That's the basic form, but it should be said that there are other minima and factors for the crew to consider depending on whether they are shuttling in field or making an approach to a nearby rig and transiting to the destination visually. And in respect of the ARA, if the approach is out of wind by more than 30 degrees then higher minima would be used.

As for onshore approaches, the lowest minima is 500 metres visibility on the ILS because you get lateral and vertical guidance down to the runway. The decision point is 200 feet and again if the crew aren't visual at that point, they would climb up to the safety altitude (to either hold or divert).

There are universal stated limits for when you need to carry diversion fuel for an alternate airport, for example if the cloud height and/ or visibility are forecast to be at or below a certain limit. There are also stated limits for when an aircraft may be able to depart without carrying alternate fuel (depending on the individual operators limits).

Carrying coastal airport fuel is somewhere in the middle and allows an aircraft to depart without carrying full alternate fuel, but enough to perform an instrument procedure back at the airport or an 'en-route let down' over the sea to become visual before reaching the coast. The stated weather minima for coastal airport fuel is high enough to expect to be able to do a visual arrival at the airport but allows enough scope that if the weather deteriorates an instrument approach is still possible.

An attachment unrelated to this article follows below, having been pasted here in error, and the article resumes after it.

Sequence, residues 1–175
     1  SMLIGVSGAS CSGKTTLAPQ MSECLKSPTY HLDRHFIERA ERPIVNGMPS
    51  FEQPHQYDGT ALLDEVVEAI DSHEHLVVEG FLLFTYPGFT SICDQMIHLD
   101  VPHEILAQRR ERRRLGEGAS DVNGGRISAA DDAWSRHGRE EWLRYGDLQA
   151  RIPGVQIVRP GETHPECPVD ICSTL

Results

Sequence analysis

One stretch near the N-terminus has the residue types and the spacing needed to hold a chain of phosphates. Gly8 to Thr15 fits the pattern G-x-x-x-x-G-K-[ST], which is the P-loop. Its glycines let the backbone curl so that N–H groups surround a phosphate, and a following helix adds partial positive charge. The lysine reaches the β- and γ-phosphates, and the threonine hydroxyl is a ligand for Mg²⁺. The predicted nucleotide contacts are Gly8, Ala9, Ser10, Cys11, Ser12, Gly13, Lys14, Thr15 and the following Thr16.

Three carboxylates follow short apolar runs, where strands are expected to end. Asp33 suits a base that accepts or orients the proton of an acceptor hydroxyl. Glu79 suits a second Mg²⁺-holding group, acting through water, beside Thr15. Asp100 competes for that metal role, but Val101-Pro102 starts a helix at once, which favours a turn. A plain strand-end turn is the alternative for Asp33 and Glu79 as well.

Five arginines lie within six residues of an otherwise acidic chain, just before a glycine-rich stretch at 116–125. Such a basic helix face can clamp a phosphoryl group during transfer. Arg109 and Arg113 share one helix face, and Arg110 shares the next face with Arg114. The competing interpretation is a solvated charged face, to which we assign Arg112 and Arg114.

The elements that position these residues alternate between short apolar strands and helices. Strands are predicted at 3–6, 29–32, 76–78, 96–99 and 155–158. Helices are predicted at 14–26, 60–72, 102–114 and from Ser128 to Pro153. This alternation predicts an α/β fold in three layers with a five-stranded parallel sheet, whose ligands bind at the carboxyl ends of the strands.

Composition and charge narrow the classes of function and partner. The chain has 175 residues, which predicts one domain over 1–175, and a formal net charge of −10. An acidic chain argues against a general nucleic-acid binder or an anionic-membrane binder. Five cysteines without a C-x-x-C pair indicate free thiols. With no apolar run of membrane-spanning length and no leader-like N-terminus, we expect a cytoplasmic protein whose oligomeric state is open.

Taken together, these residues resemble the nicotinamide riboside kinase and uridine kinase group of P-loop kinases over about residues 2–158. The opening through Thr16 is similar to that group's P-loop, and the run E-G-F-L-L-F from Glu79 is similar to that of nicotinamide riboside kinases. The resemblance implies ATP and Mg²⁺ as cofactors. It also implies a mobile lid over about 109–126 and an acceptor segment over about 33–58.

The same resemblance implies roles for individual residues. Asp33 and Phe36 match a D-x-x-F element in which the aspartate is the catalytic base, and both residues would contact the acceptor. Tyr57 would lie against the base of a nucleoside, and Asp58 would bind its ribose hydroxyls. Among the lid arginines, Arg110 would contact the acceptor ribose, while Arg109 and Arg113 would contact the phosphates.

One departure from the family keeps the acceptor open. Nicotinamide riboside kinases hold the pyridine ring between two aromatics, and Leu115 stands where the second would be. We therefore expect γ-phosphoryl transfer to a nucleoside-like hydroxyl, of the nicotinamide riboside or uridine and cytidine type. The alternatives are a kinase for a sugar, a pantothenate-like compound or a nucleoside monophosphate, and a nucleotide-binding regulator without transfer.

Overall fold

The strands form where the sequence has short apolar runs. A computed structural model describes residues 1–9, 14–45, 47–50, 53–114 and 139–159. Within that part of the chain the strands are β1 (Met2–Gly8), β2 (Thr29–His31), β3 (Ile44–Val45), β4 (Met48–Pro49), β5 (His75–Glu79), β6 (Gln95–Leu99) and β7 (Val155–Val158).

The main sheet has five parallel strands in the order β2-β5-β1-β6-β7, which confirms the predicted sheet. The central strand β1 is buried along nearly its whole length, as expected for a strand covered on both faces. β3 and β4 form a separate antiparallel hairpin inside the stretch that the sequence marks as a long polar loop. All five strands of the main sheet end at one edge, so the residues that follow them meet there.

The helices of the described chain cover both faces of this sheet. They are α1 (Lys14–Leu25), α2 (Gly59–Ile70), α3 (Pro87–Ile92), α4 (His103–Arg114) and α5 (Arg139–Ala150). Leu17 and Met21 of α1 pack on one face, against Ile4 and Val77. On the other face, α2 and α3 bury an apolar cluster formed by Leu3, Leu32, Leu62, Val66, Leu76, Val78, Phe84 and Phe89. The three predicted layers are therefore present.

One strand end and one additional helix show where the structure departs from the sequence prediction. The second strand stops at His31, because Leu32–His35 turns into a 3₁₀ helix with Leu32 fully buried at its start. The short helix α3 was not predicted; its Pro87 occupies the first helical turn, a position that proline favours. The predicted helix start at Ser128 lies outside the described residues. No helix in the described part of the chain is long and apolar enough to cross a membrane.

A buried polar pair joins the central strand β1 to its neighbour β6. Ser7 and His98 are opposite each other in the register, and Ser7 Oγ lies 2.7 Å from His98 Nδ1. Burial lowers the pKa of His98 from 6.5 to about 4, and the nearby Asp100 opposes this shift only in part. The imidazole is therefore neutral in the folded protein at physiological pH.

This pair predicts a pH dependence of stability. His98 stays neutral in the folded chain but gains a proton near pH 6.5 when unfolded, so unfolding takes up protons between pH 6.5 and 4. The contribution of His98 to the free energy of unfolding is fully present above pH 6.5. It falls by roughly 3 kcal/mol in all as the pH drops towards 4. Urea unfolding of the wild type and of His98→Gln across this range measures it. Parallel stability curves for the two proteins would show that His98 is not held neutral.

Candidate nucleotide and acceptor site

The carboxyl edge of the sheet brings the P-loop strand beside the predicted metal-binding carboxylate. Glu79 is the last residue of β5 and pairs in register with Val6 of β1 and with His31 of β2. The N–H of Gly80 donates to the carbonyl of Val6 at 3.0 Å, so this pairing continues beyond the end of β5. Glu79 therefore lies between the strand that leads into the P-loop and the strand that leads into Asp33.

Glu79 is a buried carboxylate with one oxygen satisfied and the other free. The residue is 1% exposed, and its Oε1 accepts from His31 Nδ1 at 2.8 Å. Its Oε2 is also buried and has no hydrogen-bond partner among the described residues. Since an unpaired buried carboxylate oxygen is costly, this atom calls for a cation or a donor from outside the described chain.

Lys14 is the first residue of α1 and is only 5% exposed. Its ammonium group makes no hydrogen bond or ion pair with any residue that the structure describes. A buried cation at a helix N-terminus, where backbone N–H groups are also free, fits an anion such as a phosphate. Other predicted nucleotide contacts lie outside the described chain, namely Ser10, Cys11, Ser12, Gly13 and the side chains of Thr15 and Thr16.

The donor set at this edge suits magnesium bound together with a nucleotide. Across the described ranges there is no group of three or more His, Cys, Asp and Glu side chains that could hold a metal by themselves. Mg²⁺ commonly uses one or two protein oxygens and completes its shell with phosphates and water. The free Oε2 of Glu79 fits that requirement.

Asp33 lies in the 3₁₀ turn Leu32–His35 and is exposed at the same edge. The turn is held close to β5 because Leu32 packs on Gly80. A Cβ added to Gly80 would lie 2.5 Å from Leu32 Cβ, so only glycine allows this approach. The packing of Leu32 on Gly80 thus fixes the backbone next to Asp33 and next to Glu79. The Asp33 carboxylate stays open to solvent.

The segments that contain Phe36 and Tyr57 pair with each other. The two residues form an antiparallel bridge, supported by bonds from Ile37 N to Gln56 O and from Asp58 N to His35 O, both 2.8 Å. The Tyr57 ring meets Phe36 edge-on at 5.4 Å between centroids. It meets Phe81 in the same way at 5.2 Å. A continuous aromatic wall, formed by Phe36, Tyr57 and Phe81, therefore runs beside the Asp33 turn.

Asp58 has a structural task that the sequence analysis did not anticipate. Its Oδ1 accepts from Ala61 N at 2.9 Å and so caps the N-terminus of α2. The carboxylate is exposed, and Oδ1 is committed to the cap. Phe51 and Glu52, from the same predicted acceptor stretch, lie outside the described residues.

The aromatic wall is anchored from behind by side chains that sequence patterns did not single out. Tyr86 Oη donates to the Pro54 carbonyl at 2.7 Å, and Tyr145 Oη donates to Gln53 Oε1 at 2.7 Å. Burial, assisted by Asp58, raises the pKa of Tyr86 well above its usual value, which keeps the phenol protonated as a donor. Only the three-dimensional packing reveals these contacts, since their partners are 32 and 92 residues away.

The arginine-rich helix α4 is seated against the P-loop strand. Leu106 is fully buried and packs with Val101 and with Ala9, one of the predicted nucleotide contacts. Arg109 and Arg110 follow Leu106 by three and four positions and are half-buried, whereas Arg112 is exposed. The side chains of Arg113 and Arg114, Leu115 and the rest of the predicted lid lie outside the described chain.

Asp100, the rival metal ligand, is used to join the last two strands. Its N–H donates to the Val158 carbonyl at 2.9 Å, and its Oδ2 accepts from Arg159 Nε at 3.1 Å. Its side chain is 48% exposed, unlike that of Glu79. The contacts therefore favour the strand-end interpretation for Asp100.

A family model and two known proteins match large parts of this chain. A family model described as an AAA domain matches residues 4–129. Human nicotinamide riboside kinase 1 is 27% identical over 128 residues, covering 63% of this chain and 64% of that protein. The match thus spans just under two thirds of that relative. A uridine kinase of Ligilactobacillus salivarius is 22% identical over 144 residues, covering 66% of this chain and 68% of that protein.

Hope this helps

TTT
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Old 29th Apr 2012, 07:17
  #3 (permalink)  
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Join Date: Apr 2012
Location: North sea
Age: 45
Posts: 3
Thanks TTT, much appreciated! I must admit there are lots of guys I know offshore that would be interested in knowing more about these weather limits (especially the 'ARA' limits, as this is a phrase we here lots from you guys)

What does the 'land heliports' stand for though?

Thanks again for your reply

James
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Old 29th Apr 2012, 08:13
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Join Date: Mar 2009
Location: Beside the seaside
Posts: 670
Helicopters departing a land base for an offshore installation must carry enough fuel to make an approach at the offshore destination and (if a landing is not possible) then have sufficient fuel for an onshore diversion where the weather at the ETA must be above certain limits.